If you’re visiting Tokyo in the autumn, you may need to head a little out of town in order to enjoy koyo or autumn foliage. You can take a day trip to Kamakura, Hakone, or Nikko to visit the temples and shrines and get a little closer to nature.

Within the city, you can visit Ueno Park, Meiji Jingu and Senso-ji in Asakusa.

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I also love visiting Hamarikyu Detached Gardens in late summer/early autumn when the field of cosmos flowers is in bloom.

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Although I don’t care for the bitter cold of the winter, I LOVE the nighttime “light-ups,” where different parts of town like Omotesando, Roppongi Hills, and Tokyo Midtown are adorned with sparkly lights to help beat the winter blahs. These usually run from November to February-ish.

And there you have it—a quick guide to Tokyo by season. What time of year would you most like to visit?

One of My Favorite Tokyo Neighborhoods: Nakameguro

When you think of Tokyo, it’s easy to imagine the neon lights, the skyscrapers, and the insanely busy intersections of areas like Shibuya, Shinjuku, and Akihabara.

But like any massive metropolis, Tokyo is much more than its busy downtown-like districts. One of my favorite Tokyo neighborhoods is Nakameguro. It’s a hub of hip aesthetics with many architecture and design studios as well as boutiques and cafés that exude an aura of understated chic.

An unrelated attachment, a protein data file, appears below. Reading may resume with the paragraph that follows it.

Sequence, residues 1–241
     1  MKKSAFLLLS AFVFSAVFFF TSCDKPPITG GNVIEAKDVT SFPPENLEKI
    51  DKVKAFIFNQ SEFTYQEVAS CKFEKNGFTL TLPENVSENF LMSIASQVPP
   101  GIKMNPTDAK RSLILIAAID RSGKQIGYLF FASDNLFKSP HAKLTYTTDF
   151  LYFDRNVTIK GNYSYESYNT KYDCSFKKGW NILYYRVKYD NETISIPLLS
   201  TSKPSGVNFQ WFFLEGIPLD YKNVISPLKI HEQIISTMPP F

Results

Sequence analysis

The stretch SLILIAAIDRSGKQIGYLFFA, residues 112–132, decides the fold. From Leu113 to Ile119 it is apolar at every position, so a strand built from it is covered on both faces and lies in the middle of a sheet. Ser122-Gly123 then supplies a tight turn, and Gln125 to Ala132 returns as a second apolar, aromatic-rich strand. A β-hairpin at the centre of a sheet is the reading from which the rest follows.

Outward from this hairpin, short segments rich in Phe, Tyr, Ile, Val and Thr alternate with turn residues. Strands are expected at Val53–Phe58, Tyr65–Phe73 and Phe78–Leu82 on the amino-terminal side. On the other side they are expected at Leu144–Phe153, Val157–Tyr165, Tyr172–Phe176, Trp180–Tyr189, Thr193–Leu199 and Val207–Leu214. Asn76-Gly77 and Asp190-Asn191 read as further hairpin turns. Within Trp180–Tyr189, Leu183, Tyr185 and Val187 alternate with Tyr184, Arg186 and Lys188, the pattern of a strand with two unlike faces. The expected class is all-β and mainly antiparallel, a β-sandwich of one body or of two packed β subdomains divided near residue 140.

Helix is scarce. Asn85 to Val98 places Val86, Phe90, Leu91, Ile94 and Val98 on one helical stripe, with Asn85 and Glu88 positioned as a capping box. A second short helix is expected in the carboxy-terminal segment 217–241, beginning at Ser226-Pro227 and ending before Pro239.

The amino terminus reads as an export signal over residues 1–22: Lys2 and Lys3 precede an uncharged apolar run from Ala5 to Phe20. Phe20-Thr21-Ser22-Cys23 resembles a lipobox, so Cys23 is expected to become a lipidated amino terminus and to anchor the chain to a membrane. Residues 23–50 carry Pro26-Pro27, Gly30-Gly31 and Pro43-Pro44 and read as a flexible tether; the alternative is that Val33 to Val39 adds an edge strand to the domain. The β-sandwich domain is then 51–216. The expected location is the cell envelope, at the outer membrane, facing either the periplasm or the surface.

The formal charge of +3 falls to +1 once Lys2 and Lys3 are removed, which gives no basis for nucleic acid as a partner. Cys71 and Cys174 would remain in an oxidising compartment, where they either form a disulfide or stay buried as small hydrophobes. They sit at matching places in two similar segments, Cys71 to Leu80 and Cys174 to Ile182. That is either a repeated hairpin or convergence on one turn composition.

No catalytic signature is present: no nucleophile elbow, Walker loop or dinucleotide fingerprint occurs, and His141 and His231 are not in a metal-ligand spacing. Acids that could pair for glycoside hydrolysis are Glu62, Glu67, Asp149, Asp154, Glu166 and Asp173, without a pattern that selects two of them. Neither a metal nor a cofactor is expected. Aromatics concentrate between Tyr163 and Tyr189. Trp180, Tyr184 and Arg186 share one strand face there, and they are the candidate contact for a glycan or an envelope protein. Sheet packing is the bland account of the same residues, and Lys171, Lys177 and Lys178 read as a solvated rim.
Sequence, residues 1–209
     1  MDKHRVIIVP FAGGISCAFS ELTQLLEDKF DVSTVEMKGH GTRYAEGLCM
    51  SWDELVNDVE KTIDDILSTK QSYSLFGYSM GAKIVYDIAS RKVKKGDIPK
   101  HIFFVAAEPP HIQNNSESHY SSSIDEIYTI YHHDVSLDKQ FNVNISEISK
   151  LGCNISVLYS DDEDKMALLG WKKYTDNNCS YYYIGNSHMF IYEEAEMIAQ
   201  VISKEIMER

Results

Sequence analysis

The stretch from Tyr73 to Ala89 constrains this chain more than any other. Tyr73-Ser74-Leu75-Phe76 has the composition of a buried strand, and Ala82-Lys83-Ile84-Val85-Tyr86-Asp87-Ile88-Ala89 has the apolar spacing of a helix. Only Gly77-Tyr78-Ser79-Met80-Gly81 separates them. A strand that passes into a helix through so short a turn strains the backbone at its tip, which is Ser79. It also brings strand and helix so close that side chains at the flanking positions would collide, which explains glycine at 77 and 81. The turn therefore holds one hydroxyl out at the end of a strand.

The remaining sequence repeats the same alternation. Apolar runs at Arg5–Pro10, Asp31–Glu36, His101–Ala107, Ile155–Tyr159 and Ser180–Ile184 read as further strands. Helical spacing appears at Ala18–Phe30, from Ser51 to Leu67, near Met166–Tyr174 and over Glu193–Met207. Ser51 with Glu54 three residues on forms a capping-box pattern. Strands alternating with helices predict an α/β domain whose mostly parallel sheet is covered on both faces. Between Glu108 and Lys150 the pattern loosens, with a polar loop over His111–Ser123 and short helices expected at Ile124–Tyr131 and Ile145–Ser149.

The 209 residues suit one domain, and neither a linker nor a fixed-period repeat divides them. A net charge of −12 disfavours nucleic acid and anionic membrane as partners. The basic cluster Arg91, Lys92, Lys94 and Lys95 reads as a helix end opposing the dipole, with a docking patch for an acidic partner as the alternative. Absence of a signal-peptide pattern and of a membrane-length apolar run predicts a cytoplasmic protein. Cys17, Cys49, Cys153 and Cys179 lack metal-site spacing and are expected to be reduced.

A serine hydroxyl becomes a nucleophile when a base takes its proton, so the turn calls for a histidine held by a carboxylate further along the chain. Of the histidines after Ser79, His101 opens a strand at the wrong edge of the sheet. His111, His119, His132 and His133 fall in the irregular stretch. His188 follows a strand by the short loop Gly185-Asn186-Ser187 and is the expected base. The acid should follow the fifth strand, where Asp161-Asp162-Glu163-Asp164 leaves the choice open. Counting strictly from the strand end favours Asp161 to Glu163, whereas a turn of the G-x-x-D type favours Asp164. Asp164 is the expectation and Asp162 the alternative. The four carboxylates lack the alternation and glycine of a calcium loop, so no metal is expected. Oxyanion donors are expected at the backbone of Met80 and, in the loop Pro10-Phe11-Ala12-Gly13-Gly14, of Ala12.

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The lazy stream of the Meguro canal sets the perfect pace for a stroll and provides an excellent landmark since it runs parallel to the main street.

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And you wouldn’t know it unless you timed your visit perfectly to coincide with the two weeks a year when sakura or cherry blossoms are in bloom, but the trees that line both sides of the canal transform the entire neighborhood into a party and bring droves of visitors from all over the city.

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I was lucky to work in this neighborhood for nearly two years, so I had time to observe it quietly, to stroll along the canal and briefly peek into the shops on my lunch break, as well as to visit when the cherry blossoms unfurled and spring fever hit in a big way.

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The streets on both sides of the canal transform into a carnival as businesses set up stalls selling cold beer, hot amazake, delightfully chewy sakura mochi, and other festival favorites. And it’s nearly impossible to walk since the streets and sidewalks are packed with thousands of revelers who have come to eat, drink, and admire the cherry blossoms.

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At nighttime, lanterns and lights illuminate the area, which means the revelry doesn’t have to stop when the sun goes down.

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I love this contrast of regular, everyday life, and the excitement and frenzy that come with the springtime and the cherry blossoms.

Getting to Nakameguro is easy! You can take the Hibiya line on the subway or the Tokyu line from Shibuya. You can also take the JR Yamanote line to Ebisu station and walk to Nakameguro in about 15 minutes.